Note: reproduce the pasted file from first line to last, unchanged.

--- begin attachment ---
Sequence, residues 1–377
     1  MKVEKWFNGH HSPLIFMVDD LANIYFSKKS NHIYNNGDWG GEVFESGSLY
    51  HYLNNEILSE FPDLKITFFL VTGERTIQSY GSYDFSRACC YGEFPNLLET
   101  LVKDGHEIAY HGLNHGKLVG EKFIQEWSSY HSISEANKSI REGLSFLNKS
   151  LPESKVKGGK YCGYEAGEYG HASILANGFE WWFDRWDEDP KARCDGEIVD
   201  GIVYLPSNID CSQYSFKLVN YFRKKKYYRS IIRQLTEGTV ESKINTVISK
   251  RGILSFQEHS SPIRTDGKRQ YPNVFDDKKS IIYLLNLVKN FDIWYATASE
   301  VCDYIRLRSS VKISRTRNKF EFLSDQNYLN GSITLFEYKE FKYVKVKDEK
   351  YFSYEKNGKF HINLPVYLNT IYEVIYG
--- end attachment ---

Sequence, residues 1–377
     1  MKVEKWFNGH HSPLIFMVDD LANIYFSKKS NHIYNNGDWG GEVFESGSLY
    51  HYLNNEILSE FPDLKITFFL VTGERTIQSY GSYDFSRACC YGEFPNLLET
   101  LVKDGHEIAY HGLNHGKLVG EKFIQEWSSY HSISEANKSI REGLSFLNKS
   151  LPESKVKGGK YCGYEAGEYG HASILANGFE WWFDRWDEDP KARCDGEIVD
   201  GIVYLPSNID CSQYSFKLVN YFRKKKYYRS IIRQLTEGTV ESKINTVISK
   251  RGILSFQEHS SPIRTDGKRQ YPNVFDDKKS IIYLLNLVKN FDIWYATASE
   301  VCDYIRLRSS VKISRTRNKF EFLSDQNYLN GSITLFEYKE FKYVKVKDEK
   351  YFSYEKNGKF HINLPVYLNT IYEVIYG